Creaky foot-bridges in India’s financial capital have killed over 30 people in 18 months

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India’s financial capital is living through yet another man-made trauma.

At least six people reportedly died and 36 were injured yesterday (March 14) in Mumbai when a foot overbridge near the city’s railway nerve centre, Chhatrapati Sivaji Maharaj Terminus (CSMT), collapsed during the evening peak hour rush.

This is the third such incident in the past 18 months, which has claimed a total of 30 lives.

The CSMT bridge was, ironically, marked “safe” following a structural audit done late last year by a consultant appointed by the Brihanmumbai Municipal Corporation (BMC), the city’s civic body. The audit came in the aftermath of a September 2017 stampede at central Mumbai’s Prabhadevi (formerly Elphinstone) station bridge. A total of 296 bridges were inspected, 18 of which were deemed unfit and were to be demolished. The one at CST had passed the cut.

Barely six feet wide, the Prabhadevi structure was used by over 10 million people during peak hours everyday. Rumours of a short-circuit sparked panic among commuters and led to a stampede, a disaster many had warned about. The Indian Army was called in to construct a new foot overbridge at the station.

A few months later, in July 2018, a bridge near the Andheri railway station in the city’s western suburbs came tumbling down. Two people lost their lives, but a bigger crisis was averted as no trains were passing under it at that moment. The very next week, reports emerged of a bridge at a south Mumbai railway station developing cracks due to the rains.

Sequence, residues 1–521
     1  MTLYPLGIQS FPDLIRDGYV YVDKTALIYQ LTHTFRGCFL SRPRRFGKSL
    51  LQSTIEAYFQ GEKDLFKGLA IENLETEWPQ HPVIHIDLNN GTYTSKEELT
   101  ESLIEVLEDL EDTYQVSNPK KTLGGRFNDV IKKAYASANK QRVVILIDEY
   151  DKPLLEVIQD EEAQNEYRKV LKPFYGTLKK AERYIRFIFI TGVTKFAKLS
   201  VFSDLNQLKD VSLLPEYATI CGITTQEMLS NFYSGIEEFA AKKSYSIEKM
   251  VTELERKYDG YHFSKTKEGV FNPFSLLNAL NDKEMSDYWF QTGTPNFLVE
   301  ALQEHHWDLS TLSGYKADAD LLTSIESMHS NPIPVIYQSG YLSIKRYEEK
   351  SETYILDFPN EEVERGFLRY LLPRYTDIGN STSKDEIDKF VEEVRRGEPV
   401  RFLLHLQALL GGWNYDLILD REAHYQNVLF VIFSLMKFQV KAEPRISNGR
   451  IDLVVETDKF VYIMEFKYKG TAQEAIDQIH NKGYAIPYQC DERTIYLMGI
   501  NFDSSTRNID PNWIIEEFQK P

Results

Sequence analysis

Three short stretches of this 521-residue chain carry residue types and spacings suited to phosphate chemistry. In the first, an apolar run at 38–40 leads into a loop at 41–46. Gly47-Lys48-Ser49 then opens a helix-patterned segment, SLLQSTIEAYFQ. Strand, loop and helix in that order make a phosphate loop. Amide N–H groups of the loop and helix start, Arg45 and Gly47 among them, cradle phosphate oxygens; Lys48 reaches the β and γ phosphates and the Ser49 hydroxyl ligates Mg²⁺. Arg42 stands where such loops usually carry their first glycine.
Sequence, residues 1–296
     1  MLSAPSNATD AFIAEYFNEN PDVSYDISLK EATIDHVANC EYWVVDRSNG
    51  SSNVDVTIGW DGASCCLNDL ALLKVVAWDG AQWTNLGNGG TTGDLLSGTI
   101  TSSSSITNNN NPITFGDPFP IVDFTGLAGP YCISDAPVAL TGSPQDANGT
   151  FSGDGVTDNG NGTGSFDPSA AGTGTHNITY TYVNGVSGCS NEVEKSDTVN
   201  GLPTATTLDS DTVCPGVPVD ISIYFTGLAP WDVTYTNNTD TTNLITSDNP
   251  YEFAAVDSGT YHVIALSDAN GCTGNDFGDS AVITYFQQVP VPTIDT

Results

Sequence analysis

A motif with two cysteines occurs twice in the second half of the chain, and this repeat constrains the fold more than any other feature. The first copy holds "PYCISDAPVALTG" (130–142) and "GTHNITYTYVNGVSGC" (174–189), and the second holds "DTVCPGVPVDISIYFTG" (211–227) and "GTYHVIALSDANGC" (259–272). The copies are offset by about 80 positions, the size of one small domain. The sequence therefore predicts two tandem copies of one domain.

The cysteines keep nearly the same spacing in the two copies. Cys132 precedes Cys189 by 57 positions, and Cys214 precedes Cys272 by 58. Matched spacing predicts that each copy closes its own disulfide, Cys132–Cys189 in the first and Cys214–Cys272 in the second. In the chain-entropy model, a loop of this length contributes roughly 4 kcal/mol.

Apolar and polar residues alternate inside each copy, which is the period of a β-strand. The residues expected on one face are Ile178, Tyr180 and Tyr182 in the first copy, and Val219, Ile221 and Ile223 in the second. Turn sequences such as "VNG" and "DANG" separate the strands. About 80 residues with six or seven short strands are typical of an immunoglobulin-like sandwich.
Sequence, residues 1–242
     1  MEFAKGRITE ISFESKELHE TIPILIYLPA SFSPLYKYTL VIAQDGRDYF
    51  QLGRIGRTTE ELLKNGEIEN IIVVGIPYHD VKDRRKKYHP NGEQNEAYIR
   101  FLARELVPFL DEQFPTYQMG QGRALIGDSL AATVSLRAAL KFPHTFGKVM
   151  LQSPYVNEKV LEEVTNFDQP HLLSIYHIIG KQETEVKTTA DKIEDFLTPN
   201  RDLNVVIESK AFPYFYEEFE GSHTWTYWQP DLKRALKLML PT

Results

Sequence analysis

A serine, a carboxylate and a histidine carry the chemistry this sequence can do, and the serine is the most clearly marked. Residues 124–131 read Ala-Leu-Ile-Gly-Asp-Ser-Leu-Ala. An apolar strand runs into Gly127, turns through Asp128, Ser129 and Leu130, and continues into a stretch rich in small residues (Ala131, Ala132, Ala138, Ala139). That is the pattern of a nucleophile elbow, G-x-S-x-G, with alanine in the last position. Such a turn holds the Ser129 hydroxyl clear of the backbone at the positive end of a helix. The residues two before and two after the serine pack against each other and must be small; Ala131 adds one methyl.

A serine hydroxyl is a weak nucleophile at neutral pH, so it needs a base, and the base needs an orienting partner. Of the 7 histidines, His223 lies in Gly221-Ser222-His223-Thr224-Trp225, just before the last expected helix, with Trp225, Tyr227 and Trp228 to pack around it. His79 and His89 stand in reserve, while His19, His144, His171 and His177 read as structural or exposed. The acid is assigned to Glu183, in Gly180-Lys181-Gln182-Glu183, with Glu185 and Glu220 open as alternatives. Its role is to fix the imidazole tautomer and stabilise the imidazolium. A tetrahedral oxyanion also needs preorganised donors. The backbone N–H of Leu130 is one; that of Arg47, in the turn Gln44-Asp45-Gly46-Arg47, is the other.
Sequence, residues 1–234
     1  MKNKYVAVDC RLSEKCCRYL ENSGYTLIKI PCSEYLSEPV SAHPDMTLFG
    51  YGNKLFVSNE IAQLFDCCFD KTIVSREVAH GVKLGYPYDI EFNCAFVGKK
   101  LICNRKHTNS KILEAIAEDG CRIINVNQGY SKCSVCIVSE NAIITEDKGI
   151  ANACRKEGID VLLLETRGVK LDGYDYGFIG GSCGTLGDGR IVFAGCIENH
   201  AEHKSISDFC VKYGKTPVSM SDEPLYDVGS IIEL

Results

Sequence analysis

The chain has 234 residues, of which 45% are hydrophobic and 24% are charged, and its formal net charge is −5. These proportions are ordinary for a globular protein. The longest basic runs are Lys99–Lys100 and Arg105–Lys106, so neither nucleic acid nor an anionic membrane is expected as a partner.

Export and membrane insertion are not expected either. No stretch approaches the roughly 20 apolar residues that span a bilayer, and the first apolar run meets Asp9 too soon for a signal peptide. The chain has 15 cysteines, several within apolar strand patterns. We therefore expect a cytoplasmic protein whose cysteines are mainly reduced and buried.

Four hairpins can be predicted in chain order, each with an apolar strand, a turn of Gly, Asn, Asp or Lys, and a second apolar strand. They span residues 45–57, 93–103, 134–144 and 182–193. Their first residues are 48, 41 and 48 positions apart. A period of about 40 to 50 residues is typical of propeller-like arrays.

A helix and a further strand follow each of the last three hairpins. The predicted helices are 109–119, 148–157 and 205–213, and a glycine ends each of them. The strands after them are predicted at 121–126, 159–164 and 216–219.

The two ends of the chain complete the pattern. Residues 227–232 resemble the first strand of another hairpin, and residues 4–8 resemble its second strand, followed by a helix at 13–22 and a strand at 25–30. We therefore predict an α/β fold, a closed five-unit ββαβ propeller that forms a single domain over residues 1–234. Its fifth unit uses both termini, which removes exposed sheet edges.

In short, there’s been no dearth of red flags.

Built in 1988, the bridge took commuters from CSMT to the city’s arterial Dr Dadabhai Naoroji Road. Eyewitnesses say repair work on it had taken place on the morning of the collapse.

Soon after yesterday’s incident the BMC was quick to apportion the blame: “Railways is responsible for this incident. This bridge is (currently) the property of railways,” Yashwant Jadhav, standing committee chief of the BMC, told television news channels. “It was BMC’s responsibility to maintain this bridge. We had asked railways to give us NOC (no objection certificate) for full repairing work, but they haven’t given us (the) NOC. If we had got the NOC, the standing committee would have definitely passed the budget to repair this bridge. But we haven’t got the NOC.”

Crumbling Mumbai

Bridge collapses are only one among the many showpieces of Mumbai’s infrastructural mess for which BMC, Asia’s richest municipal corporation, has routinely been pulled up, but to no avail.

The world’s second-most populous city is also one of its most densely populated (26,357 people per square kilometre).

The city’s infrastructure, though, has not kept pace with the rise in its population. The cracks in town planning are exposed routinely during the annual monsoon when flooding and building collapses bring the city to a standstill.

Mumbai’s local train network, which carries a staggering 8 million or more people a day—equivalent to the population of Switzerland—is the worst hit during rains.

Then there are also the recurring killer fire accidents. Overall, it is estimated that Mumbai needs $800 billion to fix its infrastructure, according to the World Economic Forum.

Yet, the state of Maharashtra, whose capital Mumbai is, has been obsessing over only mega projects like a Rs4,000-crore giant statue in the sea and a Rs13,000-crore coastal road.

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